Medicine and medical research will remain high-demand careers because body parts will always malfunction and diseases will always be among us. Can our native medical school — to which the hospital is central — attract more students from the global community thereby generating more revenue? Medical training is expensive in the United States, for example. There are always students looking for less expensive alternatives, a need which we could meet and still make a profit.
What about Evrol Christian, the businessman from south Manchester who started Little Ochie, the restaurant in Alligator Pond and a haven for people who like simple, organic living and great seafood? What ideas might he have for more business opportunities that could generate employment for more people in his village?
What about educators, health care practitioners, farmers, conservationists, tech savvy young people, and people of all stripe who are full of native wisdom and great ideas that may just need fine-tuning or funding to turn them into money-making activities?
American writer Walt Whitman famously noted: "The genius of the United States is not best or most in its executives or legislatures, nor its ambassadors or authors or colleges or churches or parlours, not even in its newspapers or inventors, but always most in the common people."
This is true of Jamaica too. We need to ferret out the genius from whence it lies and to be less fawning toward those of standing who persistently do nothing other than spew hot air.
I am reluctant to say that Dr Fritz Pinnock, chair of the sub-committee on education and training for the logistics hub task force and executive director of the Caribbean Maritime Institute, is one of these hot air spewers. I will say, though, that it is mighty easy to dismiss him because of his pronouncements. I note his fondness for buzzwords — "analyse till we paralyse", "get with the programme", or "holistic paradigm shift" — and where he should be proffering solutions, he points only to the problems.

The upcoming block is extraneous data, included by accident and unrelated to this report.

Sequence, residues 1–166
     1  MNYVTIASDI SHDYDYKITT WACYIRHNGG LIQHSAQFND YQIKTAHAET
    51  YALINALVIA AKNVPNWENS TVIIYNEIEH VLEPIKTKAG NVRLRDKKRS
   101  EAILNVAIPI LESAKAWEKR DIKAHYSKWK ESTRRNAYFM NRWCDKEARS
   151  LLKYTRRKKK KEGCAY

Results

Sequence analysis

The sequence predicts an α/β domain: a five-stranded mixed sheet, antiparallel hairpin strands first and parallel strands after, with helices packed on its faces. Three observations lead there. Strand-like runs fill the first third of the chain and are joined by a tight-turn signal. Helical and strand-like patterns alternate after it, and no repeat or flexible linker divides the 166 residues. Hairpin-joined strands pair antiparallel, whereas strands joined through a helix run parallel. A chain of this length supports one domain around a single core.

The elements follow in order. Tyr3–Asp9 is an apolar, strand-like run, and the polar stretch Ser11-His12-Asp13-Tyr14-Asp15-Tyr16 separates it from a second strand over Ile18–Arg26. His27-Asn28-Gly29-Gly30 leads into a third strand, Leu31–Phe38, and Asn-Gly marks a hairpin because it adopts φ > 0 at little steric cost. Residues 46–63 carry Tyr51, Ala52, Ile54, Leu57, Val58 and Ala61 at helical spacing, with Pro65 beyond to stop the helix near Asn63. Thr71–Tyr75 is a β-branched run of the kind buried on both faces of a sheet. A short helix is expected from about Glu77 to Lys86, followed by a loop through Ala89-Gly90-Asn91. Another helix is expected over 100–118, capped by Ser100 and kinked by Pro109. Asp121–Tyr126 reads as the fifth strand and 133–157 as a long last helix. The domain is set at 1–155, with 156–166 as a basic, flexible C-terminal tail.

Further, Pinnock's observation that the education system needs to be restructured to emphasise skills training lacks any acknowledgement that this is not an immediate process or even a single example of what those skills might be, and he says nothing about what his institution is doing to address the issue.
A simple tallying of the high school years plus college training and work experience tells me that if we begin to train some of the incoming high school students for careers in the hub, it would take 11 to 13 years for them to be ready for managerial positions. If we begin with the current crop of eleventh graders, it would take seven to nine years.
Minister Anthony Hylton's revelation that the hub is slow to get off the ground because of uncertainty over workforce preparedness, and that one project actually had to be shelved because the country is not ready, also elicits one giant yawn and one question only: Is this new knowledge?
Our macroeconomic challenges are real indeed, but they are compounded severely by our devotion to sameness and nonsense, our lack of foresight and planning, and the absence of focus on processes and outcomes.
Grace Virtue, PhD, is a social justice advocate.